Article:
Science Inventory

Adverse Outcome Pathway (AOP) Network Development for Fatty Liver

Citation:

Angrish, M., Jonathan-Phillip Kaiser, C. McQueen, AND B. Chorley. Adverse Outcome Pathway (AOP) Network Development for Fatty Liver. Society of Toxicology 55th Annual Meeting and ToxExpo, New Orleans, LA, March 13 - 16, 2016.

Impact/Purpose:

Fatty liver (FL) disease is a growing epidemic and currently affects 20–30% of the U.S. population, making it the most common liver disease in the U.S. Furthermore, FL is associated with obesity, diabetes, metabolic syndrome, cardiovascular disease, and certain types of cancer, making FL a major public health concern and a target for preventive strategies. One approach to reduce FL risk is to restrict exposure to environmental chemicals. Data linking chemicals to FL etiology have been used by the U.S. EPA’s Integrated Risk Information System (IRIS) database to derive reference values that help characterize public health risks and support risk management decisions. The challenge is to develop a testing paradigm that is predictive of hepatic steatosis. Here, we assembled an AOP network (AOPnet) that captures the biological complexity of FL disease. This AOPnet consists of interconnected AOPs that are defined by four apical KEs; hepatic fatty acid uptake, de novo fatty acid and lipid synthesis, fatty acid oxidation, and lipid efflux, that branch into interconnected, proximal key events (KEs), key event relationships, and molecular initiating events. This AOPnet will aid biological target identification and assay development initiatives while providing a framework for chemical prioritization based on the likelihood to induce steatosis. Further, we assessed AOPnet KE activation in vitro using a HepaRG human hepatocyte cell model treated with reference chemicals known to cause steatosis in vivo.

Description:

Adverse outcome pathways (AOPs) are descriptive biological sequences that start from a molecular initiating event (MIE) and end with an adverse health outcome. AOPs provide biological context for high throughput chemical testing and further prioritize environmental health risk research. According to the Organization for Economic Co-operation and Development guidelines, AOPs are pathways with one MIE anchored to an adverse outcome (AO) by key events (KEs) and key event relationships (KERs). However, this approach does not always capture the cumulative impacts of multiple MIEs on the AO. For example, hepatic lipid flux due to chemical-induced toxicity initiates from multiple ligand-activated receptors and signaling pathways that cascade across biology to converge upon a common fatty liver (FL, also known as steatosis) outcome. To capture this complexity, a top-down strategy was used to develop a FL AOP network (AOPnet). Literature was queried based on the terms steatosis, fatty liver, cirrhosis, and hepatocellular carcinoma. Search results were analyzed for physiological and pathophysiological organ level, cellular and molecular processes, as well as pathway intermediates, to identify potential KEs and MIEs that are key for hepatic lipid metabolism, maintenance, and dysregulation. The analysis identified four apical KE nodes (hepatic fatty acid uptake, de novo fatty acid and lipid synthesis, fatty acid oxidation, and lipid efflux) juxtaposed to the FL AO. The apical KEs were further linked through lower levels of biological organization to potential MIEs. A putative fatty liver AOPnet was constructed from MIE, KE, and AO nodes connected by KER edges that contained supporting evidence to infer that an upstream event caused a downstream event. This integrative AOPnet provided an evidence-based framework used to identify a minimal number of in vitro-based assays for KEs to infer chemical-induced effects predictive of a fatty liver outcome. From a public health standpoint, limiting chemical exposures that contribute to the etiology of fatty liver is important to prevent serious and potentially progressive liver disease, as well as extra-hepatic effects related to metabolic syndrome and systemic metabolism. This work does not necessarily reflect the policies of the U.S. EPA.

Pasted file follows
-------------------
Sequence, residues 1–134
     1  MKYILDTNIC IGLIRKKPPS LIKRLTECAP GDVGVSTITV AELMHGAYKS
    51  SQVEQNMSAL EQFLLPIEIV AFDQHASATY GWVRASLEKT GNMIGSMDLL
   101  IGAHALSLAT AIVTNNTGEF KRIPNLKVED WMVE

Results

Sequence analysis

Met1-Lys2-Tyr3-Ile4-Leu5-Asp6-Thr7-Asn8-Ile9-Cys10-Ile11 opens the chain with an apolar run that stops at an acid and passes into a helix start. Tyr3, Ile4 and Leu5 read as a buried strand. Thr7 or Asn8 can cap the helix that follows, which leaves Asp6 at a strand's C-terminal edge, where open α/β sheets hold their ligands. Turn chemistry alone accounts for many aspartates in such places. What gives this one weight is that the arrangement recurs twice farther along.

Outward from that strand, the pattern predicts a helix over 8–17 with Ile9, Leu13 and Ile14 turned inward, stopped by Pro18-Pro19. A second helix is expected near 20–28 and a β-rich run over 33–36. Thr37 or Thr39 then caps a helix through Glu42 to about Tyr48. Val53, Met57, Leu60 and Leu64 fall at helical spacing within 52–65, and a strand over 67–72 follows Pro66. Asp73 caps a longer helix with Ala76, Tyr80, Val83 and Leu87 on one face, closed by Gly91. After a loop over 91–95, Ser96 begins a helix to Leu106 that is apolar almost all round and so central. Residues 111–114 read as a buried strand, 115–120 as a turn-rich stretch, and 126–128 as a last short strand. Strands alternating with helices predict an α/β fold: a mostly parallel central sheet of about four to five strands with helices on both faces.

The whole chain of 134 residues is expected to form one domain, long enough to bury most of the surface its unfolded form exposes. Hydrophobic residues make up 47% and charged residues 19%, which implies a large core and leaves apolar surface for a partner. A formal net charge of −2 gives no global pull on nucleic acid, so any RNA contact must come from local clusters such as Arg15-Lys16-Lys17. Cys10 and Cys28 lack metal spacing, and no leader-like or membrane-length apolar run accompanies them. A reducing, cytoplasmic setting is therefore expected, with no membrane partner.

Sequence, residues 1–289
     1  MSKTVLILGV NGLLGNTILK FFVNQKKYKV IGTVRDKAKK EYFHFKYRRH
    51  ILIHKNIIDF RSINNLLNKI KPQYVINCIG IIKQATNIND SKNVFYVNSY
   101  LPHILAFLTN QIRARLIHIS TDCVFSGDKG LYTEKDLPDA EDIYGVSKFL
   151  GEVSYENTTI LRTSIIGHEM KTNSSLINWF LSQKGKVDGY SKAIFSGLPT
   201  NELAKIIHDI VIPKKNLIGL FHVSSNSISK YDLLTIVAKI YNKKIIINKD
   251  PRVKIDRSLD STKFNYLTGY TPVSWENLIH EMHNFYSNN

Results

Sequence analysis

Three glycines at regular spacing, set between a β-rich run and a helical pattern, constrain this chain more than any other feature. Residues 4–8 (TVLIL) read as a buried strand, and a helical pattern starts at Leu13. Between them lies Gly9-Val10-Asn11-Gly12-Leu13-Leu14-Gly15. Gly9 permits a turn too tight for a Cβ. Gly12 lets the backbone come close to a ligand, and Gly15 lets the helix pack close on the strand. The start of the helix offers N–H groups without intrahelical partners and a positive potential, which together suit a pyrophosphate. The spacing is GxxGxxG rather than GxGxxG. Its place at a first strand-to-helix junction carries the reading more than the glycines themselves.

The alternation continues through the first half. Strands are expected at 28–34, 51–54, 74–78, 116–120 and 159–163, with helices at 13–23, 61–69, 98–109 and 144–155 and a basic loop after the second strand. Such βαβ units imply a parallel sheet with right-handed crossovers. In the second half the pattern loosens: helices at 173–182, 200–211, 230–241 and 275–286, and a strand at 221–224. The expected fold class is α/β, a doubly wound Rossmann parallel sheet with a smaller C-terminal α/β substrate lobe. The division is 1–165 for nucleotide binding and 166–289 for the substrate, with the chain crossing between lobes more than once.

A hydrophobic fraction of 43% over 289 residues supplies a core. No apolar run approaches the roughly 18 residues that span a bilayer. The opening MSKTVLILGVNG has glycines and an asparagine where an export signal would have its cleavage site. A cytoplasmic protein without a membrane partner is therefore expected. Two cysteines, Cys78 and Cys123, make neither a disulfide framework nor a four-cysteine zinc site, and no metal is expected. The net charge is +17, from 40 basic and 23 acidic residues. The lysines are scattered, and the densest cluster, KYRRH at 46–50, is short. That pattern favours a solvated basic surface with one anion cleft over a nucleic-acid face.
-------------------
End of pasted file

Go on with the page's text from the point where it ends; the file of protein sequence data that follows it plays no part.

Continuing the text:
Record Details:

Record Type: DOCUMENT (PRESENTATION/ABSTRACT)
Product Published Date: 03/16/2016
Record Last Revised: 03/29/2016
OMB Category: Other
Record ID: 311587

Organization:

U.S. ENVIRONMENTAL PROTECTION AGENCY

OFFICE OF RESEARCH AND DEVELOPMENT

NATIONAL HEALTH AND ENVIRONMENTAL EFFECTS RESEARCH LABORATORY

INTEGRATED SYSTEMS TOXICOLOGY DIVISION

CARCINOGENESIS BRANCH